And he added: "If you look at the people who rely on petrol and diesel in the area, it's the school bus, it's the NHS care workers, it's the doctor, it's the fire engine and the ambulance. The are all going to have to pay higher costs."
Fuel forms an important part of Laura Moon's work as a tour guide with her husband Ian Deveney.
Based in Inverness, they have been in business for five years and take small private groups all over Scotland and northern England.
They have a small fleet of cars, which all run on diesel.
She said: "We often do what we call multiday tours. This is where we pick up from the airports of Edinburgh and Glasgow then over several days we take our guests anywhere from Hadrian's Wall to the Orkney Islands - and everywhere in-between."
Laura said higher fuel prices started to bite around February.
"It's a shock when you're at the pump and you are aware the tank isn't full and the digits are still going up," she said.
The weekly fuel bill for their three vehicles is now in the region of £500 per car.
Laura said the costs were a huge concern.
"With the two years of the pandemic many in our industry hadn't earned a penny until about March 2022," she said.
"Tourism is booming again but - like many - we held our 2019 prices for people that postponed rather than cancelled their bookings.
"Those were all priced at the fuel prices from 2019. In a year when everyone needs help to get back onto their feet we are struggling with a much-reduced profit margin."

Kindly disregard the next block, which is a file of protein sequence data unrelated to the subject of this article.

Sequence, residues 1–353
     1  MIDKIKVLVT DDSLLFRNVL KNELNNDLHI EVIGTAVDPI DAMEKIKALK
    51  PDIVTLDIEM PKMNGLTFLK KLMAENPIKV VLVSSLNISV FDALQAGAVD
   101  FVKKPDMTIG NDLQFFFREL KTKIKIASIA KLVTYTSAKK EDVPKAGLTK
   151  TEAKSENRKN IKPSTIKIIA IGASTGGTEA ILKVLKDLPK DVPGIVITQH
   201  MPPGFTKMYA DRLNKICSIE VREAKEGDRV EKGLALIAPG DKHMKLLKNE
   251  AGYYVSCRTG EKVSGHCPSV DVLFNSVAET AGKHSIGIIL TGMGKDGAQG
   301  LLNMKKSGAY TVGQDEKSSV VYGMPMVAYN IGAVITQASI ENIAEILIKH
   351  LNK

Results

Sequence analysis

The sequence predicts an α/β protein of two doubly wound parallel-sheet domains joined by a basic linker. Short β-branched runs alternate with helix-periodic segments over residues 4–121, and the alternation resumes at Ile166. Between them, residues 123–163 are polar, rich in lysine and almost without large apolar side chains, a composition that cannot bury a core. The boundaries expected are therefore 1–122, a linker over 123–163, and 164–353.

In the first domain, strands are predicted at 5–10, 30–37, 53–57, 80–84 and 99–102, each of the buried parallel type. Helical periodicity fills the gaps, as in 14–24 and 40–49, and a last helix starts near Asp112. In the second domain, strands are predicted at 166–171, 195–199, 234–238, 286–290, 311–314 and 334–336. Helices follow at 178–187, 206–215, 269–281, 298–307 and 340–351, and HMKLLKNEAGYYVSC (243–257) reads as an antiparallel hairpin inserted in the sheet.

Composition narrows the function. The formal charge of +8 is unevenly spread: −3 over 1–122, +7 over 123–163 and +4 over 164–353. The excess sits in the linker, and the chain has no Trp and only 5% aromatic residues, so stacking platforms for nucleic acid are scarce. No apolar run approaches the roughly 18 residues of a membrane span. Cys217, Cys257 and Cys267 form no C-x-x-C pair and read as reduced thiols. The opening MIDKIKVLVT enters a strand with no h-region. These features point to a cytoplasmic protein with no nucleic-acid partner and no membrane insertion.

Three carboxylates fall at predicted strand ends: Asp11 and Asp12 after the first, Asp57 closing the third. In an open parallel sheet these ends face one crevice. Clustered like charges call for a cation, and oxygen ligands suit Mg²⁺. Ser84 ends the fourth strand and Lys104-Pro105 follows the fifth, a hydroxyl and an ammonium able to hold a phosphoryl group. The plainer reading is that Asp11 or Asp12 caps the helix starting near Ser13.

Nyomi Dixon runs the Whisky Away cafe in Inverness and branched out into mobile catering in April, selling home-bakes and teas and coffees from a customised caravan.
She said higher prices were making that side of the business harder.
"Running the generator on petrol has increased from about £4 for three hours to now costing around £14," Nyomi said.
"Depending on how many days we trade obviously changes how much we spend weekly. Diesel to tow the caravan with our van has hiked up in the last three months."
She added: "I'm definitely worried the increase will continue to rise and what that may mean for our business in the future, but hopefully we have a great summer and then Whisk On Wheels can hibernate and hopefully fuel costs will be lower next year."
The haulage industry warned earlier this week that the cost of running just one lorry was up £20,000 on last year.
Lochaber-based self-employed haulier Sandy MacCallum fills his lorry's diesel tank two to three times a week.
At the end of last year it cost about £480 each visit, but the haulier said it was now up to £930.
Sandy, who hauls machinery, industrial equipment and logs, said he and others had long lived with higher Highland fuel prices.
"You just keep adjusting," he said. "In November the fuel prices really started to hit. Soon I was thinking: 'This isn't slowing down, this isn't going to stop'."
Sandy is now into his third year driving his own lorry. He had expected to be making money back by this stage, after losses in the first year and breaking even in the second.
"But the fuel costs mean I'm having to press the restart button," he said.
Sandy said rising costs were being felt right across his industry, and filtering through the wider economy.
He said: "The wee bit of money I have left at the end of the week to spend on what I want is now going on fuel."
Sandy added that he was now hoping that hauliers would stage protests to force a reduction in prices. He believes lorry drivers should join with other workers, including those in the NHS, to take action in the coming weeks.
"Either that or we are going to drive ourselves into the ground," he said.